As the first year rolled into the second, my fear morphed into exhaustion. Even the most vigilant defender needs sleep. I became ill, and each bout of illness triggered panic that I would be unequal to the task of guarding their little lives from the disasters which, certainly, were waiting around every quarter. I got pneumonia. I had bronchitis five times in one year. Our home developed black mold. We had to move. My daughter suffered from some respiratory problems. Then: I got pregnant, without medical assistance, only to lose the pregnancy in the eighth week. The gods had done it again.
Year two rolled into year three. My dad in October, during a visit, observed my grim visage, my emaciated body. My lack of enthusiasm. My fearful waiting for the gods to curse us, again.
He noted: “It pained me to see that you had become a spectator of your own life. You went through each day, with its grueling demands and physical exhaustion, as if you were just putting one foot in front of the other, with no enjoyment, happiness or expectation that life was anything but something to endure.”
He was right. By December I knew in my bones that something was WRONG. With my body and soul. I created my 365 days of joy project to try to take control of this problem.
I blogged, I made new friends, I gained wisdom and insight from wonderful people. And a stirring in my soul arose. To live life again as a child of fortune. To not expect disaster. But mostly, I just wanted to sleep. My arms and legs felt, every day, as if I had run a race the day before. And when I napped, there was no replenishment of energy or oxygen or whatever. I was not living my life fully, and had become a train conductor to my children, guiding them through the many things they needed to do each day. Eat. Use kind words. Use the potty. Get dressed. Get to the car. Go to the classroom without getting hit by a car. Picking them up. Getting them to nap. Fixing a snack. Taking them to get exercise outside. Fixing dinner. Bathtime. Books. Bed. After which, I would crawl into bed with my computer and eat a meal, consumed with lassitude.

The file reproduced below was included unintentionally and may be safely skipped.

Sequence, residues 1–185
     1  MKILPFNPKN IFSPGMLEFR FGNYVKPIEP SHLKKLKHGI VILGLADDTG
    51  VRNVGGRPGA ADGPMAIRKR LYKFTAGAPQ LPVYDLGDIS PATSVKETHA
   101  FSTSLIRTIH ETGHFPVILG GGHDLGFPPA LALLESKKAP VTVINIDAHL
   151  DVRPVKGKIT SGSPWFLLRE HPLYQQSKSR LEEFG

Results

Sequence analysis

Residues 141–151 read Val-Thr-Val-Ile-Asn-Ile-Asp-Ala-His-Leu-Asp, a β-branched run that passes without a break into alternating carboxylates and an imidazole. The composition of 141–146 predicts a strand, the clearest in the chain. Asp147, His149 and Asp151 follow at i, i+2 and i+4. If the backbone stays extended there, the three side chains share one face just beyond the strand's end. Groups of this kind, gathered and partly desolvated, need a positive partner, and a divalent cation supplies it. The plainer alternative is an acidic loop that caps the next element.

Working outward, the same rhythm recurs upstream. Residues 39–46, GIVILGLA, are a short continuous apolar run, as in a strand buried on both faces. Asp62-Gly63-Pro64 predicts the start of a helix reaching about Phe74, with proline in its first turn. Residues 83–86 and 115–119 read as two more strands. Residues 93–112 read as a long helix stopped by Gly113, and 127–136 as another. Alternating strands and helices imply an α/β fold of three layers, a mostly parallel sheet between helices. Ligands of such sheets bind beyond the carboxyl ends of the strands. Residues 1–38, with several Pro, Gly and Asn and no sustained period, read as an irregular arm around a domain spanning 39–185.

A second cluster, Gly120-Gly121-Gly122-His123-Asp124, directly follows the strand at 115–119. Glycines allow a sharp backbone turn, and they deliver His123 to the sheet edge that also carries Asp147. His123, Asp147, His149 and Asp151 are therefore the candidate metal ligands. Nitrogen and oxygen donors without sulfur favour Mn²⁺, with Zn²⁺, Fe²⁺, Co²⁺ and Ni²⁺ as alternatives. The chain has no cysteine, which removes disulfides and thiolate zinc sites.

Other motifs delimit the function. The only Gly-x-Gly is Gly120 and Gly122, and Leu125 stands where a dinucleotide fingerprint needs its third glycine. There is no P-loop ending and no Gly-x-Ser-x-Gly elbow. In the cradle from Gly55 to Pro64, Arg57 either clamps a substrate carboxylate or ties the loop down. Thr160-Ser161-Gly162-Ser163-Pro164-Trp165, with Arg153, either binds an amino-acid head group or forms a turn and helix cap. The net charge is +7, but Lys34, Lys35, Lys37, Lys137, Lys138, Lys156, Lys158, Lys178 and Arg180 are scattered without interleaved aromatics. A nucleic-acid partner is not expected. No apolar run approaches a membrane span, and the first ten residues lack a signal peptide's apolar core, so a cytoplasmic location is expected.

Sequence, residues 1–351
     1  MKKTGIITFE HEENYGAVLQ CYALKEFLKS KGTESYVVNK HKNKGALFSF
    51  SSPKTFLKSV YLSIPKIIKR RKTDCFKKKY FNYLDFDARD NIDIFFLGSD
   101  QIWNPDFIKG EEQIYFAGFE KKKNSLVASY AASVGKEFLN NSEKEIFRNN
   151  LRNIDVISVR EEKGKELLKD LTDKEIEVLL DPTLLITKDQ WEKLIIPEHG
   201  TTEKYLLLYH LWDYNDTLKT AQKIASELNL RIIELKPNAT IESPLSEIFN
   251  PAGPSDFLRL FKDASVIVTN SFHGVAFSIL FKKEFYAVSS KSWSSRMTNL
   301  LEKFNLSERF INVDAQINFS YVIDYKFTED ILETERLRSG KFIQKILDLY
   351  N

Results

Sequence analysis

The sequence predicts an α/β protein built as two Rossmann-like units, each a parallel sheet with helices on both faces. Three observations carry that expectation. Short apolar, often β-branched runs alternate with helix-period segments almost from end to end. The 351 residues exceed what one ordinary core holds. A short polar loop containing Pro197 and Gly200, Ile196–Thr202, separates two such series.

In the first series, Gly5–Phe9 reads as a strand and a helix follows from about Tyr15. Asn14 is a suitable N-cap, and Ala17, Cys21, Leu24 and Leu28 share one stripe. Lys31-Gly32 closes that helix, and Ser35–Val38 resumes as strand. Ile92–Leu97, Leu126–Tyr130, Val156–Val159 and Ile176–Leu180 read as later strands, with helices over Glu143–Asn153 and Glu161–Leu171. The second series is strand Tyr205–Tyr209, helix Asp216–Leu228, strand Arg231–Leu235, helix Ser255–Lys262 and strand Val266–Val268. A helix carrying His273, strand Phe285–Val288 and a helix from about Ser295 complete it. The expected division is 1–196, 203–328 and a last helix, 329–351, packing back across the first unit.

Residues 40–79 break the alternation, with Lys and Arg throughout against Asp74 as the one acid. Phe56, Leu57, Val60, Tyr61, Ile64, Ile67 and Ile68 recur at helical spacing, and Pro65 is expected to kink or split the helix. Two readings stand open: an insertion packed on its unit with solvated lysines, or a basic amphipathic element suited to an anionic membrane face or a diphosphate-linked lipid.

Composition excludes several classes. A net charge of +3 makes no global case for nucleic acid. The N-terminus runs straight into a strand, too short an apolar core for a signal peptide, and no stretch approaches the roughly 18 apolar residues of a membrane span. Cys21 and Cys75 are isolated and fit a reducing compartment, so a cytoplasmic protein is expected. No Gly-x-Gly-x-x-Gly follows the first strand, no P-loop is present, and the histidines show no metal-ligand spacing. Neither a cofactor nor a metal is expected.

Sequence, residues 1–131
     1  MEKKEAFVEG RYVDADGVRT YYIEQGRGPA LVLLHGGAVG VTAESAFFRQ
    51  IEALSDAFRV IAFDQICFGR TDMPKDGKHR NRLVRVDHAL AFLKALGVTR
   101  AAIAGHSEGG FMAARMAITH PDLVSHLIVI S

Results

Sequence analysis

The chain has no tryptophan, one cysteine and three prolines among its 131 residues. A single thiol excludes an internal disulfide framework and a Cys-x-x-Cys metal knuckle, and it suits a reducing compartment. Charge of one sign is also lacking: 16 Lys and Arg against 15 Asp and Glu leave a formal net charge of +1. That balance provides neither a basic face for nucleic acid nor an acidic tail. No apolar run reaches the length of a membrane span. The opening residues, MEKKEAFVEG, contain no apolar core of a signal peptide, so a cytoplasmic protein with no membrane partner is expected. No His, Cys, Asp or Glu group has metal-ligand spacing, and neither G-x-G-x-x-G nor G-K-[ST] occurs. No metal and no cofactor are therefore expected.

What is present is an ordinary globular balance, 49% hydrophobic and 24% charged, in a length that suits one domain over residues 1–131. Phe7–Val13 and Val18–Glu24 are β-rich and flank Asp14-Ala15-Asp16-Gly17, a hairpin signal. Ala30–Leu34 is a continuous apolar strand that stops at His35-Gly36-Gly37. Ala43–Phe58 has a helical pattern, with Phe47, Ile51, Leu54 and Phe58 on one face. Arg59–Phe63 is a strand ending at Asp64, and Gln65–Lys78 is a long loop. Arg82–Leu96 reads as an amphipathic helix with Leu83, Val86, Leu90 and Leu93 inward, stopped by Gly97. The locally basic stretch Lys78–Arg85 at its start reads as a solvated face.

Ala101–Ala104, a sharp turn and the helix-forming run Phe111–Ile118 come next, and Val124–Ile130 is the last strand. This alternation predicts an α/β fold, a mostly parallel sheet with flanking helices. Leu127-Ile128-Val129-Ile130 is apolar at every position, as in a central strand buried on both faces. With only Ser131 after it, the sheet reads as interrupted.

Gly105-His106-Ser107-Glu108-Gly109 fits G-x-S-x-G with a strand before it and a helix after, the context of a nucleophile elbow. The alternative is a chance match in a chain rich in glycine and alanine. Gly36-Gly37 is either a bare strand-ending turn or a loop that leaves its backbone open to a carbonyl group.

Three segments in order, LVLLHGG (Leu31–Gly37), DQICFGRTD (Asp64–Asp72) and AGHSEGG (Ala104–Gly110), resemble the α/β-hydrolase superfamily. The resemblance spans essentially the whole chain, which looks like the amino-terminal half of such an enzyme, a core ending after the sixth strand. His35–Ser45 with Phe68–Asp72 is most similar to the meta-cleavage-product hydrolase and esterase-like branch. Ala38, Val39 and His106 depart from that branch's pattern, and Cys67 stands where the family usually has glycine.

Darcy and I politely and not so politely negotiated a routine, so he would wake up with them during the weekends and take care of them then, and I would wearily join the family in the afternoons for outings and family times. Enduring.
When my mom left and Darcy returned, he told me that I had become “the girl problems happened to”. He said, “If I told anyone we know right now that you fell and broke your leg, they would say, ‘It’s Jjiraffe. Of course that happened to her.’”
This profoundly saddened me. Obviously, shit is going to happen. That’s life. There ARE disasters around every corner. The news about my dad just reinforced that. But how do I get beyond the disasters? How do I enjoy this “middle” that I’m in? How do I teach my children that there are jokes to laugh about, carefree afternoons of reading in the sunshine ahead, lazy rivers to watch, astounding vistas to see? Wonderful delicacies to digest?
How do I go beyond enduring? How do I move past my bodily pain and exhaustion? How do I become a person whose problems don’t define them?
Then I had a weird thought: Deepak Chopra. Now I’ve probably lost you. But, my dad once interviewed him. My dad is a Protestant who is deeply skeptical about “New Age ideas”. But he enjoyed speaking with him and thought him wise.
Someone I follow on Twitter re-tweeted Deepak Chopra’s thoughts on joy. I admired them and became a follower of his. After Darcy told me that I had become “the girl that problems happened to”, I wondered what Deepak Chopra would advise. So I did what anyone would do. I sent him a tweet.
Part Two: What Did Deepak Chopra Advise? And what did it mean? No, really, what did it mean?